A lyrical and dreamy reimagining of Dracula’s brides, A DOWRY OF BLOOD is a story of desire, obsession, and emancipation.
Saved from the brink of death by a mysterious stranger, Constanta is transformed from a medieval peasant into a bride fit for an undying king. But when Dracula draws a cunning aristocrat and a starving artist into his web of passion and deceit, Constanta realizes that her beloved is capable of terrible things. Finding comfort in the arms of her rival consorts, she begins to unravel their husband’s dark secrets.
With the lives of everyone she loves on the line, Constanta will have to choose between her own freedom and her love for her husband. But bonds forged by blood can only be broken by death.
Trigger Warnings: graphic depictions of blood, gore, murder, disease, domestic abuse, gaslighting, manipulation, emotional abuse
I received a copy of A Dowry of Blood from Nyx Publishing. This does not change my opinion of the book.
A Dowry of Blood is a vampire novel that sparkles of gothics, decadence, and delights but hits hard with a sexy bite.
Left bleeding, a Romanian peasant, awaits her new life. An undying king rebirths Constanta. This is the end of her human life and the birth of her vampire life. Draping her in his arms, Dracula takes her to his gothic castle as his bride. Throughout the decades and centuries, they travel to romantic destinations all over europe. Diseases and war surround them but they live on no matter what fatalities meet the mortals.
When Milan is in chaos, they travel to Spain to meet a machiavellian political beauty. Magdalena. Bright, sexy, and dramatic Magdalena. Dracula once again takes a bride. Constanta’s also taken by Magdalena’s beauty and smarts.
When reading A Dowry of Blood, expectations flip from a cis man plucking brides for his own pleasure to two brides more into each other than they are of this powerful masculine figure. It’s very much a poly relationship but not what you would expect in a reworking of a classic gothic novel.
Before I go further, I must clarify something. This is a romantic novel, not a romance. I won’t go into detail but considering the ending of the novel this book does not qualify as a romance.
At last, Dracula acquires his final bride. Taken from Russia in the midst of the Bolshevik revolution, Alexei is the equivalent of a blonde cherub. He’s all brightness, fast tongues, and quick sips. He likes excitement and sexiness draped on every corner of his life. Really, there’s a lot of excellent and risky ravishing going on in A Dowry of Blood. It’s terrific.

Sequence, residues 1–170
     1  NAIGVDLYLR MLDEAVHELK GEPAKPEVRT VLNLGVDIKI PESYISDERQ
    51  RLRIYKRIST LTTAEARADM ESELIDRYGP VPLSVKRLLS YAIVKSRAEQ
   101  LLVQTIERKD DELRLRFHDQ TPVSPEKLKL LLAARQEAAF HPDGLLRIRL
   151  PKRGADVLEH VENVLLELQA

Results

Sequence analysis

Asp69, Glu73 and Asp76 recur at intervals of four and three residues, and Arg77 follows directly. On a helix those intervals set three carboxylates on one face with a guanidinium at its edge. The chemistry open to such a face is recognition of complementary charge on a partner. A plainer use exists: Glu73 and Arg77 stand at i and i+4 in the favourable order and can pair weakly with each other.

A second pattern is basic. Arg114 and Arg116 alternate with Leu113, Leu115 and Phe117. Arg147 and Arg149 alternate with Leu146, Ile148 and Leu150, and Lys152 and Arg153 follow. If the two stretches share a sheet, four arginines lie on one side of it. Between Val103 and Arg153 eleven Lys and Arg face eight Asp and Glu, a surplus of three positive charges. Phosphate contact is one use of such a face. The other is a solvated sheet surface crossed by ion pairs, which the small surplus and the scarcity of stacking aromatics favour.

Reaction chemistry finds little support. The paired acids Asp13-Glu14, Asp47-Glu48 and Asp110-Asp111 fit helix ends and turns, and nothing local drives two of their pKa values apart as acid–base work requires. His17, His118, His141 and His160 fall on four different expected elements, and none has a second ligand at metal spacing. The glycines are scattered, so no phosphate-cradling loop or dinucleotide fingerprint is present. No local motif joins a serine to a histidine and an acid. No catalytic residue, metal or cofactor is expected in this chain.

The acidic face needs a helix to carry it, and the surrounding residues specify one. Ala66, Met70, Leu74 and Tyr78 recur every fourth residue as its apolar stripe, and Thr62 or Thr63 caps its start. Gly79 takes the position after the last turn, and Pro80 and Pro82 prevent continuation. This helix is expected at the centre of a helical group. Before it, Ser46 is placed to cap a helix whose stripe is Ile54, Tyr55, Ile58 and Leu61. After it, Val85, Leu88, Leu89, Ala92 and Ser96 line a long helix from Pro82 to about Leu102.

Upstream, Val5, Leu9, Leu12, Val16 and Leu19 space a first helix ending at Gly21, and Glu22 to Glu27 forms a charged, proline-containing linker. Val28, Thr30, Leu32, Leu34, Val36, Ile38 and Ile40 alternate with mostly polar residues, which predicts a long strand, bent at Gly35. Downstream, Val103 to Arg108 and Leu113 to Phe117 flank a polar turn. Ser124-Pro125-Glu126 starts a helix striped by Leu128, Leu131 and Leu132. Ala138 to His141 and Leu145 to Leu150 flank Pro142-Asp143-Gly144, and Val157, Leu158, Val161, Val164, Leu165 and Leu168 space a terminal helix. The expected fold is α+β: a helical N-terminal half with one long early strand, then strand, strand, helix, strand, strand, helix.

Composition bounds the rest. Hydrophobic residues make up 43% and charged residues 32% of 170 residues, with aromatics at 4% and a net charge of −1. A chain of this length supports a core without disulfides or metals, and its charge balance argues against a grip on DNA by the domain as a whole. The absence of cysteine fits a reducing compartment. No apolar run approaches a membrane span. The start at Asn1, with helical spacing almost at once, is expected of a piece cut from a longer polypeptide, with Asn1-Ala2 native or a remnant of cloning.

Together they make a family but this one has deep and dark secrets. I’m not just talking about the vampirism either.
Letters are often written by those hurt in a relationship. This is a story that starts out romantic and transforms into something else. Like the beginning of a lot of relationships, secrets unfold and behaviors reveal themselves. Many that have been through hurt write a letter we don’t intend to send so we may go through all our feelings.
The format of A Dowry of Blood feels very in vein with that idea. Like many gothics, letters play a big role in horror. It gives of a romantic feel and really amps up the feeling of a person sitting by a fire in an old castle, writing all their feelings to their loved one. Constanta addresses the reader as if we are ‘Dracula’, the ‘you’ in the novella. It’s exactly why this novel is not only intimate but also frightening. It makes us think about ourselves on a level that is discomforting.
We’re not meant to be comfortable.
‘You’ is such a shocking aspect of the novel and one I loved. Gibson doesn’t write things stereotypically. Everything feels real. Just because a home is abusive does not always mean that love in that home doesn’t exist. That’s something I rarely see from authors and I love that Gibson portrays the relationships in this manner.
Raw and real on a level most people could not understand, A Dowry of Blood is beautifully told. Gibson takes a classic and turns it into one that is romantic and a box of horrors all at once.